With everything configured, I ran a few connection tests and it all worked as expected. So, I naively ran this command thinking it would sync everything if I let it run long enough:

rclone copy -P "GoogleDrive:Google Photos" rsync:GooglePhotos

Things started out fine. But eventually, due to Google API rate limits, it was quickly throttled to 300KB/sec. That would have taken MONTHS to transfer my data. And, the connection entirely stalled out after about an hour. I even configured rclone to use my own, private Google OAuth keys, but with the same result. So, I needed a better way to do the initial import.

Google offers their Takeout service. It lets you download an archive of ALL your data from any of their services. I requested an archive of my Google Photos account and eight hours later they emailed me to let me know it was ready. Click the email link to their website, boom. Ten 50GB .tgz files. Now what to do with them?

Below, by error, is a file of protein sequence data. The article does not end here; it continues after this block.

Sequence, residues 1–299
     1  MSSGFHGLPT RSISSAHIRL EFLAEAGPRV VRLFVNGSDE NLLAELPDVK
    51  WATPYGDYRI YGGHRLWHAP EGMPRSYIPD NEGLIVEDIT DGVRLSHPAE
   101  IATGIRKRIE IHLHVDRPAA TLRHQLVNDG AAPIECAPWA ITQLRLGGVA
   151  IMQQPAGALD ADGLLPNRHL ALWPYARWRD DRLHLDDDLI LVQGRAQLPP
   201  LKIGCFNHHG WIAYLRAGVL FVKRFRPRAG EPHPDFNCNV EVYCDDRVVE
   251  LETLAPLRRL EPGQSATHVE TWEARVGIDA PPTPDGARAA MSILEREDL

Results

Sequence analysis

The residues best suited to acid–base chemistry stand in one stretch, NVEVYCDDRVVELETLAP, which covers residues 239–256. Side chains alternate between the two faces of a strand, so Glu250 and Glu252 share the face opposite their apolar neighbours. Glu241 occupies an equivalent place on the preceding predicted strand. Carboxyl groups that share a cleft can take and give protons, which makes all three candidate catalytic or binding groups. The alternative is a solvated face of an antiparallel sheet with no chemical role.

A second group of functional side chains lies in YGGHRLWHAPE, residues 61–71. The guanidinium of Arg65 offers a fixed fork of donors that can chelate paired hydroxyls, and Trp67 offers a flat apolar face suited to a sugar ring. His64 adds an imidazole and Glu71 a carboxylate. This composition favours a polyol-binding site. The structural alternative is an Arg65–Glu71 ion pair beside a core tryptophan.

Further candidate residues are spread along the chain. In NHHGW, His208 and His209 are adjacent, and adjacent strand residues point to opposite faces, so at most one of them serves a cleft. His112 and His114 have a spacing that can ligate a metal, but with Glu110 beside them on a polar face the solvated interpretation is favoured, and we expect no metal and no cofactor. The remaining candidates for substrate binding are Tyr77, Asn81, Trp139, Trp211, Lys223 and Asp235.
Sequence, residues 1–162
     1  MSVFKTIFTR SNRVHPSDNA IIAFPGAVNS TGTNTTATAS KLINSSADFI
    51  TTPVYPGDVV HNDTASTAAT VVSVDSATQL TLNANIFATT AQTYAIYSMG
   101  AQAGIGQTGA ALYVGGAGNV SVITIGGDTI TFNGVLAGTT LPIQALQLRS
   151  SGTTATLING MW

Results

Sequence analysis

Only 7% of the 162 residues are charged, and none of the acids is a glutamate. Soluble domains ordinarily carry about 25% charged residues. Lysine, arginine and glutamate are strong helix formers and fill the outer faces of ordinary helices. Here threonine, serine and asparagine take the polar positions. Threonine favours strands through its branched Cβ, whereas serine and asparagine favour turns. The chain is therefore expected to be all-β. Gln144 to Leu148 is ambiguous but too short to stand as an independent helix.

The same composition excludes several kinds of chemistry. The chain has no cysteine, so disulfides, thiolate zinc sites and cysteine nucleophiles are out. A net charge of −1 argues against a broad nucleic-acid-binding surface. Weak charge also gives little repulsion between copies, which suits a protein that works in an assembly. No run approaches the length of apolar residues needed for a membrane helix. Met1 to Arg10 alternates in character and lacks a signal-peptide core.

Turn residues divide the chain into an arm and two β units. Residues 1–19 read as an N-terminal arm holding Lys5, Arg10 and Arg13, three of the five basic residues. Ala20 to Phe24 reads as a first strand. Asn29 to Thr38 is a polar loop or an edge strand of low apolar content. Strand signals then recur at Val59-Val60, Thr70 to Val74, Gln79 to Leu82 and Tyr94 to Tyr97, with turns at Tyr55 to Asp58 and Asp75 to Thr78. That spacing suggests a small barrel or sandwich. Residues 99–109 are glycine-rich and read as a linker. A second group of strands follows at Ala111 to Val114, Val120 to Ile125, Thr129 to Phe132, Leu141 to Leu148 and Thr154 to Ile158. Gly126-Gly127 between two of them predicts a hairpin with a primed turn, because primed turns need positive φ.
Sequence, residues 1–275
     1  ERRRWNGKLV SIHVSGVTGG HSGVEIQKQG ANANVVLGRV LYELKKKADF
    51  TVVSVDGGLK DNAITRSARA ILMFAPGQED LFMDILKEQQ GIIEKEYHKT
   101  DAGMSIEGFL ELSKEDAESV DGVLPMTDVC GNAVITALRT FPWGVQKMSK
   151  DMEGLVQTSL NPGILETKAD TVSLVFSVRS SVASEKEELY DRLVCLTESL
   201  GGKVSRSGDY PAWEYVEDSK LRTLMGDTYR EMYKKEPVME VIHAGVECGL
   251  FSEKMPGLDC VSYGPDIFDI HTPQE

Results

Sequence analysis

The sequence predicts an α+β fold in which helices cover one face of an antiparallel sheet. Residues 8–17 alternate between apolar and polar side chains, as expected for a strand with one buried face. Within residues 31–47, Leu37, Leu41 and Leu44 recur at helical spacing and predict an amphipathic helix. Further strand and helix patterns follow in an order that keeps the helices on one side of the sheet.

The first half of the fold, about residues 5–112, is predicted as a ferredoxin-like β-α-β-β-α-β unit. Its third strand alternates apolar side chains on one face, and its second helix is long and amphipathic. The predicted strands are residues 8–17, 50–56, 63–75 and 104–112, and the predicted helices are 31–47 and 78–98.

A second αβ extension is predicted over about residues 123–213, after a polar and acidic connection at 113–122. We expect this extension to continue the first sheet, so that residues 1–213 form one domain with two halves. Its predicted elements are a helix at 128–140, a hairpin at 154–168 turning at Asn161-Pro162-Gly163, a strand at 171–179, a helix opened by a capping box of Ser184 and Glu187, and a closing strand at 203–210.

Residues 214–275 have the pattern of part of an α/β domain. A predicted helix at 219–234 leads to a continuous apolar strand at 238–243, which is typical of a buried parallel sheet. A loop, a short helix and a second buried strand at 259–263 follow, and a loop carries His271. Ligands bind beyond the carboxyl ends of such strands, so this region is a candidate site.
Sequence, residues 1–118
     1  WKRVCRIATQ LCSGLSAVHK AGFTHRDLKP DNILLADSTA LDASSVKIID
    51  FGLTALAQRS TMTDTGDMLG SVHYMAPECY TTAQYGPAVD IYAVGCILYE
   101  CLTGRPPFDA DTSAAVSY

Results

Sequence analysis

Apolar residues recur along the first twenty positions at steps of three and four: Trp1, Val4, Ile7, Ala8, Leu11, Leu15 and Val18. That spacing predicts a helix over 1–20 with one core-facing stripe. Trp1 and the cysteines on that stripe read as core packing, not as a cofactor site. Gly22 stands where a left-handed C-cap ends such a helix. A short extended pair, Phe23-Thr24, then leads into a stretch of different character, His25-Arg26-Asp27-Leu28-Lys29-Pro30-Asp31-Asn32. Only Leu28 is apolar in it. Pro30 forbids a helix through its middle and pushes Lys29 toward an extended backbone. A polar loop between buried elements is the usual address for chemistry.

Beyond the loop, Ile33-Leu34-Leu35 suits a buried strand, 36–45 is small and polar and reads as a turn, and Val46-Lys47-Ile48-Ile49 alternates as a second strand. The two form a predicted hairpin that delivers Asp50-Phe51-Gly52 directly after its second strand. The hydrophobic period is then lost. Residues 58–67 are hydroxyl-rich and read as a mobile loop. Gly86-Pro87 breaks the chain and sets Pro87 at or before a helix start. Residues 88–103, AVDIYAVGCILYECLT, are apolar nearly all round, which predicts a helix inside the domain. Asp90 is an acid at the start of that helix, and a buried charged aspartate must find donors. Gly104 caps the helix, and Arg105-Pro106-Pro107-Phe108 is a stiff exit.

I can’t download them to my Mac and re-upload them – that’s too slow. Instead, I’ll just grab the download URLs and use curl on my server to get them, extract them, and sync them over.

I don’t have enough room on my primary web server – plus I don’t want to saturate my traffic for any customers visiting my website. So, spin up a new Linode, attach a 500GB network volume, and we’re in business. Right? Nope.

The download links are protected behind my Google account (that’s great!) so I need a web browser to authenticate. Back on my Mac, fire up Charles Proxy and begin the downloads in Safari. Once they start, cancel them. Go to Charles, find the final GET connection, and right-click to copy the request as a curl command including all of the authentication headers and cookies. Paste that command into my server’s Terminal window and watch my 500GB archive download at 150MB(!!)/sec.

(Turns out, extracting all of those huge .tgz files took longer than actually downloading them.)

Finally, rsync everything over to my backup server.

And that’s where I currently am right now. Waiting on 500GB worth of photos and videos to stream across the internet from Linode in Atlanta to in Denver. It looks like I have about six more hours to go. Once that’s done, the initial seed of my Google Photos backup will be complete. Next, I need a way to backup anything that gets added in the future.